Bridge

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The Independent Culture
IT IS not usually regarded as a particularly good idea to ruff one of declarer's sure losers, but West was very much on the right track when he did so on this deal.

And, by so doing, West went on to take full advantage of declarer's apparent inability to count up to 10!

South opened with One Club, North responded with One Diamond, and East overcalled with One Heart. South next bid One Spade, and North's jump to game in the suit brought an end to the auction.

It was not altogether difficult for West to judge that his opponents were playing in a 4-4 fit, and, in spite of his partner's heart bid, he led a trump to reduce cross-ruffing. This was exactly how South had been planning to play, but he knew that it was a good principle to cash side winners before thinking of embarking on a cross-ruff.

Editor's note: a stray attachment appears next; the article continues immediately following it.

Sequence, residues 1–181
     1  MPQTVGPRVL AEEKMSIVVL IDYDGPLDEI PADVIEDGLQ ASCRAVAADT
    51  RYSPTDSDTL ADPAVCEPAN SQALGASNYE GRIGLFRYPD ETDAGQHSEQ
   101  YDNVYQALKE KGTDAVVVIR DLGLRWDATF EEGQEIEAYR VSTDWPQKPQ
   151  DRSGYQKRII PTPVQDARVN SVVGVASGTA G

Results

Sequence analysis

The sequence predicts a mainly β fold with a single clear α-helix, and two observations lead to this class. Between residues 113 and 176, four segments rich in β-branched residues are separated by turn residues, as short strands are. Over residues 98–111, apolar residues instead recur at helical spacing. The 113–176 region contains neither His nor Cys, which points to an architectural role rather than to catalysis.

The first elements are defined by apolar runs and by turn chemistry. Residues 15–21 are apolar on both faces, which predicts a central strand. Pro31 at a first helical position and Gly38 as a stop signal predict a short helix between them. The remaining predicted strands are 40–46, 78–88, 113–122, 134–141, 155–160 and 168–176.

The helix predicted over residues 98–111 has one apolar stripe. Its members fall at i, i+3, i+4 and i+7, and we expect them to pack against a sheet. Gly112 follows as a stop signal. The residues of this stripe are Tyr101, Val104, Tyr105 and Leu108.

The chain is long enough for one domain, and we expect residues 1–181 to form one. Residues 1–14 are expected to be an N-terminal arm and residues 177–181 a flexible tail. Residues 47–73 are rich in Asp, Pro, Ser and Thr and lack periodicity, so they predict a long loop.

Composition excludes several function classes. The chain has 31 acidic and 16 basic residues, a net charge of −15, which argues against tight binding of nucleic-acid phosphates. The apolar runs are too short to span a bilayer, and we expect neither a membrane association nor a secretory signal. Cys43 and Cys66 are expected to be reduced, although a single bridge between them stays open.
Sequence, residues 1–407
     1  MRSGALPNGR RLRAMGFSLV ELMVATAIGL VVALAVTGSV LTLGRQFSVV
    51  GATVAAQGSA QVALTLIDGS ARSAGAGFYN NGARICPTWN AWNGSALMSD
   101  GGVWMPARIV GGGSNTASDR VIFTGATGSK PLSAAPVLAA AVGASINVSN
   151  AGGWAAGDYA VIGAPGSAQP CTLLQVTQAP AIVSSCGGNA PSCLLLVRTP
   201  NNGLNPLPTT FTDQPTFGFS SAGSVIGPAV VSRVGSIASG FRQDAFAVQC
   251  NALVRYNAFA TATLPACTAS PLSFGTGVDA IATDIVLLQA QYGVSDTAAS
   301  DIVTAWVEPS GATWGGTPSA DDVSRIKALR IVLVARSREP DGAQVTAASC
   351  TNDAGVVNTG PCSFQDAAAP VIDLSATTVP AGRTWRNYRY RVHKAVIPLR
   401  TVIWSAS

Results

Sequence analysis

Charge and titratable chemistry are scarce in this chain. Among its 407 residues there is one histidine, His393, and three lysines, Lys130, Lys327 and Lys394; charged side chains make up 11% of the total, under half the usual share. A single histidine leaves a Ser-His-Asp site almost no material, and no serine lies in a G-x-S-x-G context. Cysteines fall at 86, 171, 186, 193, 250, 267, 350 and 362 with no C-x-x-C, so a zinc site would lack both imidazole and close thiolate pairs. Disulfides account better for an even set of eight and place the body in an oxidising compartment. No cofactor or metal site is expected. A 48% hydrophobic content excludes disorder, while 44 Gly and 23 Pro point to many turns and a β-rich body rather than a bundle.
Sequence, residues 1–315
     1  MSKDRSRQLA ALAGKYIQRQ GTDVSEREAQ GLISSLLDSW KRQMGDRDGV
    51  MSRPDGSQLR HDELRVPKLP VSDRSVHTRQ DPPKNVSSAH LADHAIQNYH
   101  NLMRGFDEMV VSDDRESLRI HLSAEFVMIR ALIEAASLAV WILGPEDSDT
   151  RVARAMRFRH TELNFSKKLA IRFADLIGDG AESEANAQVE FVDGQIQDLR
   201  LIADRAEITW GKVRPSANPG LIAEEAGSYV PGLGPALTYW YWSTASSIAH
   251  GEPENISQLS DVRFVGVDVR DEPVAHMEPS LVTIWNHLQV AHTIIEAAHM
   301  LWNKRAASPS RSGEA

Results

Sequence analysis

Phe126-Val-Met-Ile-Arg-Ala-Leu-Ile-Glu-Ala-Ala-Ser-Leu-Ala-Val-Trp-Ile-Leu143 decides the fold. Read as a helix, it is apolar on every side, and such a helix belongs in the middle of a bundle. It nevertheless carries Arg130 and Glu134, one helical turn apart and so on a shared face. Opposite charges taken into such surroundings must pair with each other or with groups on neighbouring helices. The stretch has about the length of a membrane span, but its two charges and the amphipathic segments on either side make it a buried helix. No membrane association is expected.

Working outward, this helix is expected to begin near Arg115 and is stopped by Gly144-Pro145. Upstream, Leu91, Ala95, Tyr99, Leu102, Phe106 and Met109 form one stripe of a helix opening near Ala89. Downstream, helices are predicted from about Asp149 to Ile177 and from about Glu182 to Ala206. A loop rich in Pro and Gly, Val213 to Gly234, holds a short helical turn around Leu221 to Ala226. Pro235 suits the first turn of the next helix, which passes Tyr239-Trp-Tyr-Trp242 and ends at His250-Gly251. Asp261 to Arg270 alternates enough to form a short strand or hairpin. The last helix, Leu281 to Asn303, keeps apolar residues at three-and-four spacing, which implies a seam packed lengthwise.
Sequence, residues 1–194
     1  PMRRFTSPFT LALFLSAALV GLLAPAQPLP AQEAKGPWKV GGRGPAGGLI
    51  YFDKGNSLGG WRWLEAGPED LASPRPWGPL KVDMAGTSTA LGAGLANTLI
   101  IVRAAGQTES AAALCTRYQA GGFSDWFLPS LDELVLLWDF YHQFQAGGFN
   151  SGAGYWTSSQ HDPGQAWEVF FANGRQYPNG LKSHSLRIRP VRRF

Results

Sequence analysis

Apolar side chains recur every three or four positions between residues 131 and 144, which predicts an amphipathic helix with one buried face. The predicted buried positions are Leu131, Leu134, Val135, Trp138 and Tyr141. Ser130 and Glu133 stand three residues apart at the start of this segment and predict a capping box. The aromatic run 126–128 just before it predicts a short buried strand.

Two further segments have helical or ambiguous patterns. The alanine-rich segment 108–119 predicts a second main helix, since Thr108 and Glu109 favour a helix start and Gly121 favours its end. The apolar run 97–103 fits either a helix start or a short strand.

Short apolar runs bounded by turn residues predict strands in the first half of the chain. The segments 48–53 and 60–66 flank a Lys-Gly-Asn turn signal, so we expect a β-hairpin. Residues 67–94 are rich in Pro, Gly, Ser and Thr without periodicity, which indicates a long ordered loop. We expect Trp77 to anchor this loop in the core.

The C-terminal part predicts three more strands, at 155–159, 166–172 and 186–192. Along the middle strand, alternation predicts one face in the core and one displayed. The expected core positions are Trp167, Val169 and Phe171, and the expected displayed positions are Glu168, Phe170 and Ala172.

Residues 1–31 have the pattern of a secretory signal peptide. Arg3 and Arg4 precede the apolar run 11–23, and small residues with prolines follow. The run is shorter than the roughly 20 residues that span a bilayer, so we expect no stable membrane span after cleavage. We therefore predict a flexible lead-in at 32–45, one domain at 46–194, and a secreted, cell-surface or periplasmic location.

So, after winning the trump lead, declarer cashed the ace of clubs and then led another. Oh dear! West ruffed and led another trump. Now, whatever South might have tried, he was one trick short.

I am sure that you will have spotted where South went wrong. While his play would have been quite correct if the contract had been Five Spades, he was only in Four!

Once the club ace has held, he is home and dry - three aces and seven trump tricks roll in and 2K is never needed.

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